Once considered the turf of experienced and seasoned professionals, the corporate world is now metamorphosing. Entrepreneurs with their diverse out-of-the-box business ideas are driving this change and the explosion in the start-up ecosystem has been great to see. These start-ups have not only accelerated the pace of innovation in providing solutions but have also offered alternative career-growth paths to a lot of people. The efficiency in the functioning of organisations, however, depends on a workforce that’s driven and engaged.
Sometimes, workforce engagement gets neglected due to factors such as limited cash flow, crazy work hours, investor pressure and high stress.. A large part of the resources is deployed into research and development, besides marketing, for the start-up to maintain a competitive edge. This race often leads to employee wellbeing initiatives getting short shrift, in turn causing disengagement, burnout and high attrition.
Why is employee engagement so critical in a start-up?
Employee retention is not only contingent upon, but also closely knit with, employee engagement. Start-ups, understandably, have a lot on their plate right from the start, but actively engaging the workforce should also be a big part of it. Employees are the main resources of any organisation. The success of any organisation depends upon the mindset of its employees.
A well-engaged workforce boosts operational efficiency, which drives results. The responsibility of nurturing a motivated and meaningfully-engaged workforce lies with the leadership. Employee engagement does not end with offering monetary benefits or perks to the employees, but involves the deployment of various methods through which employees remain satisfied and happy.
Here’s where the challenges arise. As mentioned earlier, a lot of the funds are diverted towards product development and marketing, after which resources for employee engagement activities become scarce. However, neglect of the same isn’t a smart move either. The larger picture becomes pleasing only if investments are made towards ensuring employee welfare and job satisfaction.
Benefits of investing in employee engagement:
- Employee Retention: Fast-growing start-ups are perpetually in a race against time, and they are constantly harrowed by one thing - hiring. Every organisation looks to hire the best talent for running the show, which means HR leaders are under constant pressure to onboard the right people for the business. However, a lack of effective human resource management often drives the employees away. A lack of recognition is also one of the reasons why employees become disinterested in their work and look for alternatives.
US-based Founders Circle Capital surveyed 25 large hyper-growth start-ups aka ‘unicorns’ valued at over $1 billion and found that one in four employees quit within one year of joining. That translates into a massive attrition rate of 25%. This is nearly two times the average industry attrition rate of 13%, as reported by LinkedIn.
Appreciation of work and acknowledgement of the value added go a long way in keeping employees happy. Employees reciprocate the gestures by being loyal and diligent.It also projects the employer in a good light, which is key for a start-up scouting for top-notch talent.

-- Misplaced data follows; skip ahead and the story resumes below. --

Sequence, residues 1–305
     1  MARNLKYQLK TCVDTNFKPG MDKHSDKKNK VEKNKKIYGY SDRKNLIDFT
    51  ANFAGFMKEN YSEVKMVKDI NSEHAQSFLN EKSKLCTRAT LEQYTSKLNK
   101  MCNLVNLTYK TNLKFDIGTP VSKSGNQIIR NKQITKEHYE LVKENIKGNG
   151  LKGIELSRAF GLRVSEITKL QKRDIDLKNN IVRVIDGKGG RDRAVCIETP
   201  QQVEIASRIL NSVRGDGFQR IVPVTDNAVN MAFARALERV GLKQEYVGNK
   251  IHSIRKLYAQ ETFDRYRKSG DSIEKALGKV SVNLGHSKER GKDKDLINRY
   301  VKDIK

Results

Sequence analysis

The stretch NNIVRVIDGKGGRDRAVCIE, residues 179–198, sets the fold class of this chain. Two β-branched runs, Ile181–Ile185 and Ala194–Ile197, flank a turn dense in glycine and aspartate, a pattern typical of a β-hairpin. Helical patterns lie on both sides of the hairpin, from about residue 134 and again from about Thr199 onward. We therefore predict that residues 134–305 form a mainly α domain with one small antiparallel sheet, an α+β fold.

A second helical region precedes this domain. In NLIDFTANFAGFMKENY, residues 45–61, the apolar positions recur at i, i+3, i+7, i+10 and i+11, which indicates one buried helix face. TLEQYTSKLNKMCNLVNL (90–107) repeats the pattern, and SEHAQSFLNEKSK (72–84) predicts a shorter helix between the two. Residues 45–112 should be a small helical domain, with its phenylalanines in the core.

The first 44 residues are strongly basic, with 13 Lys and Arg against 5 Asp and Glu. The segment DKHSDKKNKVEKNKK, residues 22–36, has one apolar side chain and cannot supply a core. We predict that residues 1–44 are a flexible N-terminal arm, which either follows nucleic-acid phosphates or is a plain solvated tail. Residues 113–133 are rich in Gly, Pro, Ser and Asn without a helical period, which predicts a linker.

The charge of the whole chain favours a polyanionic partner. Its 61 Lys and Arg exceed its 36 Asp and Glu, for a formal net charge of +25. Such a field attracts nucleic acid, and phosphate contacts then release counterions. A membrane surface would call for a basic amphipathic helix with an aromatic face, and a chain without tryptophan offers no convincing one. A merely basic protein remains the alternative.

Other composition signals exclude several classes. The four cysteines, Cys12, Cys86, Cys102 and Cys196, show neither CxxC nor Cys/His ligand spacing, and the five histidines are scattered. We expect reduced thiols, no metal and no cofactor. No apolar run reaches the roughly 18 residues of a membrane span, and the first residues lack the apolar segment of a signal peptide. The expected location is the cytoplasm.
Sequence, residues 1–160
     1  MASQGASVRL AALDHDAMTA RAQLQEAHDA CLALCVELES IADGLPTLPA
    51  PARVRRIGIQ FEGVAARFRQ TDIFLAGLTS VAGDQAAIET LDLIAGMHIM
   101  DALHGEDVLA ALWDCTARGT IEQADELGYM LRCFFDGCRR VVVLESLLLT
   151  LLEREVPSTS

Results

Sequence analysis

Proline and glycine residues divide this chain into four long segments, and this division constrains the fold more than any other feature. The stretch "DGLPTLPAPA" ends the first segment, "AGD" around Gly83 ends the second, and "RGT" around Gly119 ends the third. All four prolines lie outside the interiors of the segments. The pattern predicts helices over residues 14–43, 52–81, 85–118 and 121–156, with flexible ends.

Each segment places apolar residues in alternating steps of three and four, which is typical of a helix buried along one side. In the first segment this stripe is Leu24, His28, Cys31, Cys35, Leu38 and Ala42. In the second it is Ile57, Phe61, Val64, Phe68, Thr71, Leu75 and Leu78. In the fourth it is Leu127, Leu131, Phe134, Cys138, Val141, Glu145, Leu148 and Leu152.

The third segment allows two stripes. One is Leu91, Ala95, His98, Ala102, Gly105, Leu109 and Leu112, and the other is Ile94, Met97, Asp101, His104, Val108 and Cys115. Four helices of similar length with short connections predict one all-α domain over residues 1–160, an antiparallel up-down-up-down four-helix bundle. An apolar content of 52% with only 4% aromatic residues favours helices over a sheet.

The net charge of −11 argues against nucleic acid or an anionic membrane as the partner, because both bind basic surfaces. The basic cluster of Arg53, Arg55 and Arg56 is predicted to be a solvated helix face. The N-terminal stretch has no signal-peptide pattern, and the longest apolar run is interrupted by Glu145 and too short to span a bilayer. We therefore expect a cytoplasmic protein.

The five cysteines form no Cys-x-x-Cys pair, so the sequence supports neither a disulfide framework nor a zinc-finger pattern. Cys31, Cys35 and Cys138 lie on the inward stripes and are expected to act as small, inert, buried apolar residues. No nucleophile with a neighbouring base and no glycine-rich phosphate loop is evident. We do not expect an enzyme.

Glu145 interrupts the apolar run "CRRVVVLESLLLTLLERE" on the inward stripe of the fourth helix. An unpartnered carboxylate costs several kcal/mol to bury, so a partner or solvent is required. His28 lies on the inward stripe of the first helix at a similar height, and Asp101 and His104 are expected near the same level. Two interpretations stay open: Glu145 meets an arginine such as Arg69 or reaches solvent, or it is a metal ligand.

- Improved Productivity: Handsome pay packages are not enough to keep employees motivated. They only create the impression of ‘work more to earn more’, which isn’t a great way to make your personnel happy. Employee-engagement practices need not be large conclaves or team-building exercises. Timely appreciation and performance-based rewards do an equally good job of motivating employees to strive for results. If each employee were to give their best to the job, the organisation would grow by leaps and bounds.
- Work Culture: The work culture in any organisation plays a key role in determining its success and profitability. Employees must feel aligned to the goals of the business, not only as individuals but also as a team. Employee-engagement activities also come in handy in instilling a sense of belonging. Employees also adhere to work ethics when they feel responsible for the reputation of the employer.
- Employee Advocacy: Employees themselves are the best advocates of the brand or the organisation they work with. The voice of the employees is a critical piece of the puzzle in building a strong brand identity. When their own personnel vouch for the organisation, it creates a climate of trust in the employer. It contributes significantly on three fronts – onboarding talent, attracting new customers and building relationships with new clients.
- Employee Experience: British businessman Richard Branson once said, “Clients do not come first. Employees come first. If you take care of your employees, they will take care of the clients.” An employee’s experience starts on his/her first day on the job and employers must leave no stone unturned in ensuring that it is smooth and hassle-free. All events participated in, and all milestones achieved constitute the employee experience and they fall under the umbrella of workplace engagement.
Engagement programs are of paramount importance to the sustainability of businesses in the long run. They save employees from the toxic feelings of dissatisfaction, demotivation and burnout.